There are plenty of mystery novels that start strong. I’ll write you a whole post on the first sentence of Rim of the Pit or The Red Right Hand if you want. Those are perfect opening sentences, and the paragraphs that follow them are fine as well. There are also books with storming opening chapters; see the suffocatingly impossible hellscape we’re confronted with in chapter one of The Judas Window.
Rewind to 2017 and Golden Age mystery fans were abuzz about finally getting their hands on Murder Among the Angells; a revered classic in Japan that somehow wallowed in obscurity throughout the rest of the world. And what’s not to get excited about? A mansion with a unique floor plan, nine maps, a bizarre will, and an impossible crime to top it all off. I was pumped to read it, and so I immediately purchased it, and then let it rot in my TBR pile for nearly six years.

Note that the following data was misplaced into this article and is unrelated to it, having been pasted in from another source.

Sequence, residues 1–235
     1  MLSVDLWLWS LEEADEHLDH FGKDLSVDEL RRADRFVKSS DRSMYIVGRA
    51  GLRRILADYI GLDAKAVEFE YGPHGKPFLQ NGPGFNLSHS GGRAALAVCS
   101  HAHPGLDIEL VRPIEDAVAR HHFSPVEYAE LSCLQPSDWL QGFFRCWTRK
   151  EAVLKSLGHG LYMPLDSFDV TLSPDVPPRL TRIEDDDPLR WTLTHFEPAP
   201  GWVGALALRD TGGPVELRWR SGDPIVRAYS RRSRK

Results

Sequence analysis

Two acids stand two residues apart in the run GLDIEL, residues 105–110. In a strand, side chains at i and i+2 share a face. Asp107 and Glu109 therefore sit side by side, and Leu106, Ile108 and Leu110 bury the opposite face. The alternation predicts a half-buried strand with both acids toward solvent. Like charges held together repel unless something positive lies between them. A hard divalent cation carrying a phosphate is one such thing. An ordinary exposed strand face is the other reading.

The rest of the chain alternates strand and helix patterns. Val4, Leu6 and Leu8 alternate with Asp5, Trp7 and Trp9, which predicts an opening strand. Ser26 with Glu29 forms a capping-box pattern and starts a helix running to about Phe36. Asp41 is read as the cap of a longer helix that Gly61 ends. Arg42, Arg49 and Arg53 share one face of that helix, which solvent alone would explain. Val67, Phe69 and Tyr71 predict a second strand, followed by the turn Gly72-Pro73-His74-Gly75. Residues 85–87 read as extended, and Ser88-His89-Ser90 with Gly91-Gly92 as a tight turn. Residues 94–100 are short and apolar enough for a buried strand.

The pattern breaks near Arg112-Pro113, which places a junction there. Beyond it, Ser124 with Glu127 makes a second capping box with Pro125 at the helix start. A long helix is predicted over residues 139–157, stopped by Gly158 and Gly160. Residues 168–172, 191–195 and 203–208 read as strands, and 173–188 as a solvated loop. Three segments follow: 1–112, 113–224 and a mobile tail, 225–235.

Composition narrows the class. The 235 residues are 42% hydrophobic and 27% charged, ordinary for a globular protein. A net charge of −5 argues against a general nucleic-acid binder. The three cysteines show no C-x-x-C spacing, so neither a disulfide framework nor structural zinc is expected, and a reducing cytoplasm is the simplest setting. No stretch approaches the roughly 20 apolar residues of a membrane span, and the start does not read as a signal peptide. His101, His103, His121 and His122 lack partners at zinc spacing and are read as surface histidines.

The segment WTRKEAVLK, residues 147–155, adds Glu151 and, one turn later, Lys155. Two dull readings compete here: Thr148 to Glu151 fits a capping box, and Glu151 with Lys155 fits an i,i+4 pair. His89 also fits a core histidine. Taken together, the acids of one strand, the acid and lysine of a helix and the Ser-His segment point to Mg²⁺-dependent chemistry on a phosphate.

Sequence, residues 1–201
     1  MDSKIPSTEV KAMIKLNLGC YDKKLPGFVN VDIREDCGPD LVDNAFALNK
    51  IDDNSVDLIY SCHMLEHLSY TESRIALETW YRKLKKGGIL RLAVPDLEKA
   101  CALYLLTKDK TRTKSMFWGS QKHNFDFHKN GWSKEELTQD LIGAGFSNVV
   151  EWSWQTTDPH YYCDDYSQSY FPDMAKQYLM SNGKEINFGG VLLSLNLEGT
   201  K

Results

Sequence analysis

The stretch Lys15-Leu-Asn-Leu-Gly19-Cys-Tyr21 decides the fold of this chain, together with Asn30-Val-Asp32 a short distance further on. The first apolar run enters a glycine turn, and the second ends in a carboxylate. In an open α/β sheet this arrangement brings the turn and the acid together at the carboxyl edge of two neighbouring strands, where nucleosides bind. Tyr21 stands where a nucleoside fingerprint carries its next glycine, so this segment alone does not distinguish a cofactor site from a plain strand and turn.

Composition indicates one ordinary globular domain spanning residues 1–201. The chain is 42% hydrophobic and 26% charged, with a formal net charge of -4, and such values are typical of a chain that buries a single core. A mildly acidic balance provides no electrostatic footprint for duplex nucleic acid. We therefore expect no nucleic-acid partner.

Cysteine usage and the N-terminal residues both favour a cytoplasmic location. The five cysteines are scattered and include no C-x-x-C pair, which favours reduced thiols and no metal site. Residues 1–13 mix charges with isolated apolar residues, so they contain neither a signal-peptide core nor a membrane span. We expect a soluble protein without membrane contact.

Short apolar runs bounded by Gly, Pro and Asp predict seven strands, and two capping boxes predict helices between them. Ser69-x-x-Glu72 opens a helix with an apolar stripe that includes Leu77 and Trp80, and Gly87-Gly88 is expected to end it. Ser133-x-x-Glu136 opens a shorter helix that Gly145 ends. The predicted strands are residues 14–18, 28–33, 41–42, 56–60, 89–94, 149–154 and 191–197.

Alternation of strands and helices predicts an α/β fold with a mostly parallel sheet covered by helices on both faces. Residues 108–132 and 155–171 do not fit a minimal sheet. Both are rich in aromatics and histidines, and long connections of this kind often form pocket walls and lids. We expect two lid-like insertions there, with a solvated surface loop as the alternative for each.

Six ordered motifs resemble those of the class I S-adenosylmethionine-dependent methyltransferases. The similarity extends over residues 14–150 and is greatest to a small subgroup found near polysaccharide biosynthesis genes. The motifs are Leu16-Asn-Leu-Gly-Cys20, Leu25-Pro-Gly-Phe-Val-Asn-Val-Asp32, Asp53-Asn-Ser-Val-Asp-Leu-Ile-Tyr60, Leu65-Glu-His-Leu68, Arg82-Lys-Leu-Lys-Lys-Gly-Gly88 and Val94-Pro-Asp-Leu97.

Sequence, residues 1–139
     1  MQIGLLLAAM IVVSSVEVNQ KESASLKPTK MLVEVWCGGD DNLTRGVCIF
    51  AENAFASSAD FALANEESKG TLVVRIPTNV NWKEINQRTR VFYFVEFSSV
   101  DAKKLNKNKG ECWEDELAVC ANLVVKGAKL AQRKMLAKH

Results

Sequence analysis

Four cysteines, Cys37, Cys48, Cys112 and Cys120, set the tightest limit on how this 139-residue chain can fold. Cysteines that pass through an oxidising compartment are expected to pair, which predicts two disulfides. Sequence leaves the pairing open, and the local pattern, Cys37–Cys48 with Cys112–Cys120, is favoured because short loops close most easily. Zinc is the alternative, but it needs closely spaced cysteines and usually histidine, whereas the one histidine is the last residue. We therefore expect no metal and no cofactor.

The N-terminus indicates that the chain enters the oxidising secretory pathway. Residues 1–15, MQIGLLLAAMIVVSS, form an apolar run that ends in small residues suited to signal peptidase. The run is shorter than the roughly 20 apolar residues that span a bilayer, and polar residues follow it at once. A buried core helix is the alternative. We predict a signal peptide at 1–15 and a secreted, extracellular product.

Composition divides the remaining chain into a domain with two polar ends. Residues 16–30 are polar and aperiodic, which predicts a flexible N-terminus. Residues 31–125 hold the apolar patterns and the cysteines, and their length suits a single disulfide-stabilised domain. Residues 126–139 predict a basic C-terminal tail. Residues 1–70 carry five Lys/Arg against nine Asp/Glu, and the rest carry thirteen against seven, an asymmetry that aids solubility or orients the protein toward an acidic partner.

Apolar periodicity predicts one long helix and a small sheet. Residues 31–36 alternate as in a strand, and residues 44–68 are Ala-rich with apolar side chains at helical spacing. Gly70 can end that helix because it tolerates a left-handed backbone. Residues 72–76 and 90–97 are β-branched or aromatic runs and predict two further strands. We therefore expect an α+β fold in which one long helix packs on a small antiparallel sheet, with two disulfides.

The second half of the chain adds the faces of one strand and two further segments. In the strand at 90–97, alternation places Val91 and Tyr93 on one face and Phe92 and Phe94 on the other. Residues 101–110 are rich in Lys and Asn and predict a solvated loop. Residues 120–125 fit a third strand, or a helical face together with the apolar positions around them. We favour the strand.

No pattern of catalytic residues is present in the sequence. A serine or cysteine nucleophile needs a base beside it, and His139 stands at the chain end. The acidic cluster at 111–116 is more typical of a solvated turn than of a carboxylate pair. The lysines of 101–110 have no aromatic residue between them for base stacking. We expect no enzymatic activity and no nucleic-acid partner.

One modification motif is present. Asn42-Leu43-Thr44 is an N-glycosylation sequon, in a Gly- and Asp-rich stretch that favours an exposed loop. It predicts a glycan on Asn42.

Well, that last part is because I always lose track of stories in these multi-novel collections, and Murder Among the Angells comes in the form of a twofer from Coachwhip Publications alongside Cat’s Paw. Due to stacking issues, I end up stashing these bigger books somewhere else and then forget I have them. Anyways, I finally got around to reading Cat’s Paw last year, and I’ve been eager to get back to Roger Scarlett ever since.
I previously covered what I consider to be the first period of John Dickson Carr’s Sir Henry Merrivale mysteries. These novels, published from 1934-1940 lean hard into impossible crimes, which distinguishes them from Carr’s Dr Gideon Fell novels from the time. The focus on impossible crimes is also a dividing factor between the first two periods of the Merrivale novels, and we’ll cover the second period here.